or the vast agribusinesses and others dependent on the "corporate welfare" of state subsidy – an estimated $92bn a year in the US, according to the libertarian Cato Institute – it\’s time to admit there is no such thing as a free market.

No one rational ever tries to state that there is, ever has been or ever will be a free market in anything. Markets are always constrained: it might be by customs, by law, by habit, but there are always constraints. There must be, for how can you have a market without a delineation of property rights?

The argument isn\’t "free markets" or "not free markets". It is always "freer markets" or "less free markets". And one very important part of the argument for freer markets is that we want to reduce the ability of people, whether they be unions, corporations, individuals, classes, professions, whatever, to seek rents and privileges from the State.

It is of course lovely that you quote Cato: but it would be interesting if you understood the point that they\’re trying to make. Archers Midland Daniel is as much a danger to, a leech upon, freer markets as the minimum wage or the UAW. And Cato (along with people like the ASI) are one of the few groups who proclaim this evident truth loudly enough that even you should be able to hear it.

15 comments on “Mr. Freedland Speaks Out!

  1. What do you mean by this:

    “if indeed NR hadn’t been stopped from pursuing the path it did in the first place” ?

    Tim adds: When the BoE was in charge of the financial markets (as opposed to the FSA currently) banks which followed such obviously dangerous course would be called in for a quiet chat and heads knocked together.

  2. Anybody who takes the slightest interest in corporate failure knows that warning signs include a rapid expansion of business, overgearing and/or an unusual business model.

    NR had been showing all these signs for quite a few years, it came from a negligible share of new mortgage lending up to about 20% of new lending or something staggering like that; it borrowed heavily (rather than taking deposits) and that in itself was an unusual business model.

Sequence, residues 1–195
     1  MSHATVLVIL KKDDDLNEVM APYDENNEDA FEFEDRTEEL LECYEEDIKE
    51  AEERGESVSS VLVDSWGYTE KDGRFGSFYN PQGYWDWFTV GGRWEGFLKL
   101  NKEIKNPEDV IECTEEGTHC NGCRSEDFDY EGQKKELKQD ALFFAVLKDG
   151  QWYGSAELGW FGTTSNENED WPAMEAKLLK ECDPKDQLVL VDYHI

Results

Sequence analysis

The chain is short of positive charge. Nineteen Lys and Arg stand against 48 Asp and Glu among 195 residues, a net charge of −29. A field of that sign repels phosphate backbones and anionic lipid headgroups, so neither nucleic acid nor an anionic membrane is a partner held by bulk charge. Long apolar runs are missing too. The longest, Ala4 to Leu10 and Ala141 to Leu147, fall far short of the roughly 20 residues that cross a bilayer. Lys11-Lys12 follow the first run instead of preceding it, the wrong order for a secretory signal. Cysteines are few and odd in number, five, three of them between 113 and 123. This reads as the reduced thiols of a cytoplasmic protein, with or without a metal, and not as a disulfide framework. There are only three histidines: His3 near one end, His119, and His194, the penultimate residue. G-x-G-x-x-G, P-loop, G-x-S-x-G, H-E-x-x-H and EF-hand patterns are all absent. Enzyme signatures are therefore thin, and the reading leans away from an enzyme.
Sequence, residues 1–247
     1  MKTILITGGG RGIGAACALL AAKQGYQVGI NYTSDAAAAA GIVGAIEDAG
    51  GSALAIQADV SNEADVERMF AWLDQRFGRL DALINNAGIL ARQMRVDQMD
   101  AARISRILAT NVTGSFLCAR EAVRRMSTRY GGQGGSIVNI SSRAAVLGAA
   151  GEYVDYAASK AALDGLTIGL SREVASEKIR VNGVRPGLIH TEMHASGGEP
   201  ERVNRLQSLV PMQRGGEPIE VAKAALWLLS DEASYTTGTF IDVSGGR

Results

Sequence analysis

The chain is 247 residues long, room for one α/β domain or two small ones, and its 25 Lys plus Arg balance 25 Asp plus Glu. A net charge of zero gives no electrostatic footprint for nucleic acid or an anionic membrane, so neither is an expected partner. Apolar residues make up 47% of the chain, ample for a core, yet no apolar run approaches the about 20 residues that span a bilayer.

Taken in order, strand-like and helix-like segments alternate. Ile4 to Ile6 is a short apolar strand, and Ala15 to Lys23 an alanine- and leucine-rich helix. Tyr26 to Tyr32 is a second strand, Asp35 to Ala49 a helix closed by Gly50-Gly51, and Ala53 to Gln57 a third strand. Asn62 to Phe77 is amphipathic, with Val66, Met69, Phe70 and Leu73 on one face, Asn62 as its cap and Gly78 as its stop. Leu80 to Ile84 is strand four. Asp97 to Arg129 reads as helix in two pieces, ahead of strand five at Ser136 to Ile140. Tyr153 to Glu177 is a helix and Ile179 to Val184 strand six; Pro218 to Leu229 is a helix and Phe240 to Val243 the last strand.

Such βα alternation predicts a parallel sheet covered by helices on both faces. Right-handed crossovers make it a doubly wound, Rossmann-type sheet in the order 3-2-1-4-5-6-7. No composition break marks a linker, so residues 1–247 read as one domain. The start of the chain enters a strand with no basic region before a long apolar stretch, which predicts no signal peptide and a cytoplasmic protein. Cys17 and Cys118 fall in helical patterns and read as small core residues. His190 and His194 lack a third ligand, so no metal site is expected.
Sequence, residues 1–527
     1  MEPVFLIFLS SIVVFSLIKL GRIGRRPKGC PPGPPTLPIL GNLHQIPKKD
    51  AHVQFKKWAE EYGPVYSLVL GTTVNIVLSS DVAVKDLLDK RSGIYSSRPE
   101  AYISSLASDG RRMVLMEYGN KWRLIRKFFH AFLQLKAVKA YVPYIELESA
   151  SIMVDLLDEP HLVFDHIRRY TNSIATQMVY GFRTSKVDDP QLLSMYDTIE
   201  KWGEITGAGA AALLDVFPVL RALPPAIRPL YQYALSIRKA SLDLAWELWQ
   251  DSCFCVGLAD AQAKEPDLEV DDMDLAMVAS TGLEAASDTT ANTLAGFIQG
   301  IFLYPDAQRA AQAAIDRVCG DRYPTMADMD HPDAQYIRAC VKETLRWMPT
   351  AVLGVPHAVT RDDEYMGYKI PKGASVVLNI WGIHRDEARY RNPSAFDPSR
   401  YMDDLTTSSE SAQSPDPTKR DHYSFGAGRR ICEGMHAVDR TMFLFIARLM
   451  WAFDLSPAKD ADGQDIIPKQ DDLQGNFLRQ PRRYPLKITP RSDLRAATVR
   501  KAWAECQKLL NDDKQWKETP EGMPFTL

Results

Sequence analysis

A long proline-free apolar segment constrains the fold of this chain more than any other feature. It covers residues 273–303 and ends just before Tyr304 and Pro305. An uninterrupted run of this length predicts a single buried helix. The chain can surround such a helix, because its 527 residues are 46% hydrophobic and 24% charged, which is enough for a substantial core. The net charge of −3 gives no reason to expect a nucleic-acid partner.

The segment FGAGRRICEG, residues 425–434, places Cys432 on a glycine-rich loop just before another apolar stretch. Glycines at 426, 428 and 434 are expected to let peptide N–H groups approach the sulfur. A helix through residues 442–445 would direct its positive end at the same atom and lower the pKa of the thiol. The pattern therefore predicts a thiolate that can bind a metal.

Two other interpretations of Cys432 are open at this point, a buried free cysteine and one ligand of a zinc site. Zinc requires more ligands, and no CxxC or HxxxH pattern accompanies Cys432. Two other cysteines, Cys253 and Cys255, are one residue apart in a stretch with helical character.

NR’s share price had been sliding for six months before it went *pop*.

    The current regulators should be taken out and shot, frankly.

  3. Those sub-prime debts were dodgy, but they were wrapped up and sold on as if they were triple-A-rated, pukka debts, as solid as a government bond.

    I hate the fact that journalists feel the need to comment on that which they have no clue. Credit derivatives are fairly basic things that even a journalist could understand if they bothered to read about them.

    We will only know to what extent they were rated badly in a few years from now. The problem was caused primarily by a lack of liquidity, not by defaults on loans. Ratings do not promise you a liquid market, only that a borrower will be able to repay.

    Moreover, did you get any of these sold to you by your bank? Are widows and orphans going hungry? Of course not, the investors that got stung were professionals. They knew the risks they were taking.

    Finally, thanks to subprime lending, there are millions of folks in the USA who have become home owners. Do we think that they shouldn’t have had the chance?

  4. This is with-hindsight nonsense:

    “Such obviously dangerous course”
    “NR had been showing all these signs for quite a few years”

    Not so obvious that the City, which is made up of very highly-paid and highly-skilled analysts, noticed – Northern Rock’s share price peaked in Feb 2007, 50% higher than it had been at the start of 2006.